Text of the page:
Effect of Altering Potassium Concentration on the Action of Lidocaine and Diphenylhydantoin on Rabbit Atrial and Ventricular Muscle
All previously studied antiarrhythmic drugs which also have local anaesthetic properties reduce the maximum rate of depolarization (MRD) of cardiac muscle. Recent evidence suggested that lidocaine and diphenylhydantoin (DPH) might have a different mode of action, because they did not reduce MRD except at high concentration. The latter evidence, however, was obtained from tissues nourished by solutions containing 2.7-3 mM potassium. In the present experiments, the effects of lidocaine and DPH were studied in solutions with 5.6 and 3 mM KCl. In the former, both drugs reduced MRD at concentrations similar to those found in the blood of treated patients, but in low [KCl] higher concentrations were necessary. It was concluded that there was no reason to suppose that the mode of action of lidocaine and DPH on the cardiac membrane is fundamentally different from that of quinidine, procaine, procainamide and other compounds which interfere directly with depolarization.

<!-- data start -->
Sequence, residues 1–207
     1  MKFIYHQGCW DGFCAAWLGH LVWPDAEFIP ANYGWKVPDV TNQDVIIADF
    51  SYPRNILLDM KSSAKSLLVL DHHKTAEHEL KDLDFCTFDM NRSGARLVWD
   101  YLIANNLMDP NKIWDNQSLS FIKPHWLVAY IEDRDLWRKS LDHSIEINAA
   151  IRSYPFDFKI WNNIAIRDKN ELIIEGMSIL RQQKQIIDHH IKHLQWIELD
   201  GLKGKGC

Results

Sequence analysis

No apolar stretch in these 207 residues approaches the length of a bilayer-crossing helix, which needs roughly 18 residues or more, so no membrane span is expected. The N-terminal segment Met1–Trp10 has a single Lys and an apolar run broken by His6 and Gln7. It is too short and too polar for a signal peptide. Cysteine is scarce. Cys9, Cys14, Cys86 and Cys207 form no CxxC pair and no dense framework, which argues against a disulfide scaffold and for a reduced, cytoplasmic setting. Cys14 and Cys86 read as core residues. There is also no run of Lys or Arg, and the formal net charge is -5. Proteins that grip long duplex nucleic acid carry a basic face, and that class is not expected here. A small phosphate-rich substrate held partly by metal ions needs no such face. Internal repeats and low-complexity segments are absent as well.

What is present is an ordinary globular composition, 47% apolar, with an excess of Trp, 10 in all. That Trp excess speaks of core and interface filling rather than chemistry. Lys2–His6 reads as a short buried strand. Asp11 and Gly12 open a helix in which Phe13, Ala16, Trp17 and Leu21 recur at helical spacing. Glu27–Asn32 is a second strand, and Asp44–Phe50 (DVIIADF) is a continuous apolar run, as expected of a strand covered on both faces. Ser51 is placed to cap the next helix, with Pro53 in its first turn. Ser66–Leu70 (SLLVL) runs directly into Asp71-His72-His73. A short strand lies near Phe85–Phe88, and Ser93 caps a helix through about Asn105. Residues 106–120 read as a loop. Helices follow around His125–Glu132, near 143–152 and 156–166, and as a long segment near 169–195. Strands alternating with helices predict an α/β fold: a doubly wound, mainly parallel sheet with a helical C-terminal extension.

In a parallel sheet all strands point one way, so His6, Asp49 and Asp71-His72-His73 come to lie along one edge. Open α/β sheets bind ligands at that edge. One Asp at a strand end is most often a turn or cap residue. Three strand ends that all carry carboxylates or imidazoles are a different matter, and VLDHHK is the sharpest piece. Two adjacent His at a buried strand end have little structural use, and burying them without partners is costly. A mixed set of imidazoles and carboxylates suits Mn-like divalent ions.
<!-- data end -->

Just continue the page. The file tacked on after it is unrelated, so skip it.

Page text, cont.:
- Received March 12, 1971.
- Accepted July 16, 1971.
- © 1971 American Heart Association, Inc.